Are we easing up on Bonds?

Art Spander of RealClearSports currently has a piece up concerning Barry Bonds’ status amidst reports of David Ortiz and Manny Ramirez using steroids. Spander feels the public is beginning to evenly spread their disgust towards all steroid users in baseball instead of just focusing on Bonds.

Bonds now is insignificant. We went after him and his silent partner, Greg Anderson, the trainer, so long ago it’s almost ancient history. Mark Fainaru-Wada and his then San Francisco Chronicle colleague Lance Williams left no syringe unturned. We acted like the sky was falling then shrugged.

What’s falling now are other names into place, the latest of those Ortiz and Manny, who in 2004 combined to help the Red Sox win their first World Series in 86 years. And just an aside, you think any of those self-righteous Boston fans would give back the title because like the Bonds homers they yelped about it might be tainted?

Barry Bonds has a different problem. He’s being hounded by the government on charges of perjury, the U.S. claiming he lied under oath when in December 2003 Barry said he never used the stuff.
But the guess is Barry never will come to trial. And who cares anymore He took his grief.

He was the Lone Ranger, the one who stood alone until it seems there was no room left on the list for all players who were guilty. The line forms to the right.

For the most part, I agree with Spander. Still, I think the only reason people seem to hate Bonds less is because he’s been forced to retreat from the public eye. You never hear about his whereabouts other than when he shows up at a Giants game. And rightfully so. Spander points out that Bonds received the brunt of the blame while Sosa and McGwire received much less. Look, I don’t like any of those three guys, but the main reason Bonds was cast as the scapegoat was because he actively pursued two of baseball’s most prized records. Since Barry Bonds was so jealous, as Spander claims, he used the remainder of his career to surpass Hank Aaron’s all-time home run record. While Sosa and McGwire retired, Bonds stayed in the game for the sole reason of earning the recognition he felt he deserved. That is his greatest sin. He knew the Giants weren’t going to win a championship, but he cheated his way into the record books while he still could.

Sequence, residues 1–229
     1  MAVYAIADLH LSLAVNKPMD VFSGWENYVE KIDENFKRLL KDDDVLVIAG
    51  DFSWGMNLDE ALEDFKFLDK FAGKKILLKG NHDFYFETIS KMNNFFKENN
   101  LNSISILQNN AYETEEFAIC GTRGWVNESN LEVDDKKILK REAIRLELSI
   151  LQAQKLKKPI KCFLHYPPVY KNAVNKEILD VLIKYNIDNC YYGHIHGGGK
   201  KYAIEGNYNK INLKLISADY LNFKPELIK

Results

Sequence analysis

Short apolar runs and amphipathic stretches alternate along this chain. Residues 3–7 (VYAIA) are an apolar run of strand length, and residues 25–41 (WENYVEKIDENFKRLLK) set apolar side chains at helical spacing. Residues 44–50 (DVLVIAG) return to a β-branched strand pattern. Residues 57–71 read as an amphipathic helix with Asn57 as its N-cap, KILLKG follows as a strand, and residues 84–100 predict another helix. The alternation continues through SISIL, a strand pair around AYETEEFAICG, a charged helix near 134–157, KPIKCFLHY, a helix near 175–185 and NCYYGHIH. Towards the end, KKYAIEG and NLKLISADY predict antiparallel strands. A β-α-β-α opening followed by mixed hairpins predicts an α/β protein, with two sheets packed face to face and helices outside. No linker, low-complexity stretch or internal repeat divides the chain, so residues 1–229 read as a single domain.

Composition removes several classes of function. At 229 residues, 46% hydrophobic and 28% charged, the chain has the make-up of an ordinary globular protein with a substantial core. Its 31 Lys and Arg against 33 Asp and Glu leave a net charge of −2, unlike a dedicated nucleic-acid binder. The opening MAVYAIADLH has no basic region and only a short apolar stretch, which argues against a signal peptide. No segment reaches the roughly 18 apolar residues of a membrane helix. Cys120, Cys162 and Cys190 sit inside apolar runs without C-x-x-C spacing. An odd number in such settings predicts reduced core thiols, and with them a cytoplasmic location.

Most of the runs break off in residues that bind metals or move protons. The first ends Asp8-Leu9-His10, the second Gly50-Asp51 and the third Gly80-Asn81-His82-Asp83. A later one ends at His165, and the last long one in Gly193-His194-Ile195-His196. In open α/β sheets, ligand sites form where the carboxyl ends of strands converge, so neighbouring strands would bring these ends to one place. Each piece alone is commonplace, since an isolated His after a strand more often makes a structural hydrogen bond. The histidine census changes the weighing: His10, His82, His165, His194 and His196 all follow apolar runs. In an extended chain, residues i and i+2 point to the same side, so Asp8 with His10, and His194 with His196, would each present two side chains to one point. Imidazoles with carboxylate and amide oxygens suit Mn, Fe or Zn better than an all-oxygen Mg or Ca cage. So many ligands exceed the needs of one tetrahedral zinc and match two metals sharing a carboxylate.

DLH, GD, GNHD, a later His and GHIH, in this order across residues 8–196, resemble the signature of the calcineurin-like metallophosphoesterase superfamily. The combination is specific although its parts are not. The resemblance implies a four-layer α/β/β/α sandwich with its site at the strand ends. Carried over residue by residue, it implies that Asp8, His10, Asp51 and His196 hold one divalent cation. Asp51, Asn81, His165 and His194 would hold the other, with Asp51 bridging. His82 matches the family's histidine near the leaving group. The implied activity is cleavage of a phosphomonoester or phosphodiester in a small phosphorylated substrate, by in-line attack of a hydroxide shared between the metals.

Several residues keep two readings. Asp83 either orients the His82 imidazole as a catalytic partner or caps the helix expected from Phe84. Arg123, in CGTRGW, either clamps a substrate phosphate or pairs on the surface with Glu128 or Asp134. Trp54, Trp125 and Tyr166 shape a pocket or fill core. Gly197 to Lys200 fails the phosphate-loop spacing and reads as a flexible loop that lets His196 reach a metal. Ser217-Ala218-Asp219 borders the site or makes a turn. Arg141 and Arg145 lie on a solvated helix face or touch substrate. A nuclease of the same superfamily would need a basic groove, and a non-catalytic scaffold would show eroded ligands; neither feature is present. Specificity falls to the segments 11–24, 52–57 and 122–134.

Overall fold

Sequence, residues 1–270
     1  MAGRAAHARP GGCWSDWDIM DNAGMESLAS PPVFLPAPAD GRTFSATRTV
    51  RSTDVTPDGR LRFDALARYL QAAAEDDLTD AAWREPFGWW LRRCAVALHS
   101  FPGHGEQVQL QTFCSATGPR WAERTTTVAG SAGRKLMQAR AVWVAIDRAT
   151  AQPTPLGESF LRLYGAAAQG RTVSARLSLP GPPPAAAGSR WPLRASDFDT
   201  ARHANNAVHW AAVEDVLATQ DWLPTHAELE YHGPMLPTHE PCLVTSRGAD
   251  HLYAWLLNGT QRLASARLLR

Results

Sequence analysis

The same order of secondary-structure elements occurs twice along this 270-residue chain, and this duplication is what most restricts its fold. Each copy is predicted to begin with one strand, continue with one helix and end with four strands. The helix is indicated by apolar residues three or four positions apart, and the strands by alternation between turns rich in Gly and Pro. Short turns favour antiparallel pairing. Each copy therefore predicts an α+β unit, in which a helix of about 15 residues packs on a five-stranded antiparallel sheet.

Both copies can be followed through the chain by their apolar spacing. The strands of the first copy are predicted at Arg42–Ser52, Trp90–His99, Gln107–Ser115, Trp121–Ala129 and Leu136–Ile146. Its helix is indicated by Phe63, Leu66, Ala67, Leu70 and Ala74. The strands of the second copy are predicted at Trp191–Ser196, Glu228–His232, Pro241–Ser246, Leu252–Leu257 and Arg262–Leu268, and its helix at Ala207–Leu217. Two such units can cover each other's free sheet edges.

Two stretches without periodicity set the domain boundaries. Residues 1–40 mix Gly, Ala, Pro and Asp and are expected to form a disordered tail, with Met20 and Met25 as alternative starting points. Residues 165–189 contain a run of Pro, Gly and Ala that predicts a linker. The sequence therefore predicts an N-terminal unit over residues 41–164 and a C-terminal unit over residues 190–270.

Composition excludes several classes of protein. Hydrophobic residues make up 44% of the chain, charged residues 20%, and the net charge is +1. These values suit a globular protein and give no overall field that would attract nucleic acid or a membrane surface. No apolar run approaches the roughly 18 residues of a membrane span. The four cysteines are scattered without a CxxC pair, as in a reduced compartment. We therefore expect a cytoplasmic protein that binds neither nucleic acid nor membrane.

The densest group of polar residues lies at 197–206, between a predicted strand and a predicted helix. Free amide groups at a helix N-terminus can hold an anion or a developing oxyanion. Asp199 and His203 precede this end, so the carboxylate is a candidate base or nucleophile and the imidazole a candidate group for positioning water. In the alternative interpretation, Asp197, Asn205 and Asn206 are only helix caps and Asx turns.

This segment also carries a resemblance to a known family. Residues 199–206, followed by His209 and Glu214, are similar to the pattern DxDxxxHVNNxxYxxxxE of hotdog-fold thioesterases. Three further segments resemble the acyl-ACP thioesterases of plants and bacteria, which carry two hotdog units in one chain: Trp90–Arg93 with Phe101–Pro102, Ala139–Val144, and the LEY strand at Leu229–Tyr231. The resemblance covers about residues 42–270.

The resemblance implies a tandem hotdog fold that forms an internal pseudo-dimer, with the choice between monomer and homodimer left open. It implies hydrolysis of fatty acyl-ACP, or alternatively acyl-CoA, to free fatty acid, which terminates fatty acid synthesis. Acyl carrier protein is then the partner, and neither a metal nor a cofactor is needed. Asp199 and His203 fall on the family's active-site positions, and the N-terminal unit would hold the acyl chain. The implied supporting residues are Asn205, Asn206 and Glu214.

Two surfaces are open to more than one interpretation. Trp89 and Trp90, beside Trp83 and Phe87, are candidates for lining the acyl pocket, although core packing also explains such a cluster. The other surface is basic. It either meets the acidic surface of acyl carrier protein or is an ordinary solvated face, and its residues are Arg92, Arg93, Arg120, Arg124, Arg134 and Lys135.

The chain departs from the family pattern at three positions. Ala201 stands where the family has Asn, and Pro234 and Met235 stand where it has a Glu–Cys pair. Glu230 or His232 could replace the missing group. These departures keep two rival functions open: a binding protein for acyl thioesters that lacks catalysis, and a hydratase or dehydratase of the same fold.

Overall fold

Then there’s the issue of lying. The public tends to forgive those who admit to their transgressions far quicker than those who endlessly skirt around the issue. Look where it’s gotten Bonds. He holds one of baseball’s most popular records and he’s one of the most unpopular athletes in the world. Congratulations. Outside of the Bay Area, he’s viewed as a free criminal.

But what of Alex Rodriguez, Manny Ramirez, and David Ortiz? Well, I think A-Rod and Manny have far better chances than Bonds (Ortiz has debatable numbers) of getting into the Hall of Fame. Rodriguez at least admitted to using. Manny has silently accepted the blame. Ortiz is beginning to use the Bonds tactic of denial.

In the end, it’s all about ego. If Bonds loved the game and not the records, he could have quit before surpassing Aaron, a player who never used steroids. However, he didn’t. Bonds went ahead and broke Mark McGwire’s single season home run record, a record that was already a joke. So what? Smart baseball fans know it’s impossible to hit 73 home runs in a season without cheating in some way. At the end of the day, we know the real record rightfully belongs to Roger Maris.

Fact is, Bonds did deserve all flack he received at the time. And it wasn’t worth it in the long run as he’ll never be appreciated by the people who watched him play. As for the Red Sox win with steroid users, yes, it’s tarnished. Still, there’s evidence that suggests many of the recent World Series champions has steroid users on their teams. It’s sad, and I think a true Red Sox fan would rather give up their last championships than have to sit through the steroid era. I hope.

Nevertheless, baseball is looking cleaner by the day. Last year’s World Series featured only one player (Ryan Howard) who had hit over 40 home runs during the regular season. Doesn’t the complexion of the 2008 Philadelphia Phillies look much different than that of the 2004 Boston Red Sox? Man, what if the Rays had won?

Follow the Scores Report editors on Twitter @clevelandteams and @bullzeyedotcom.

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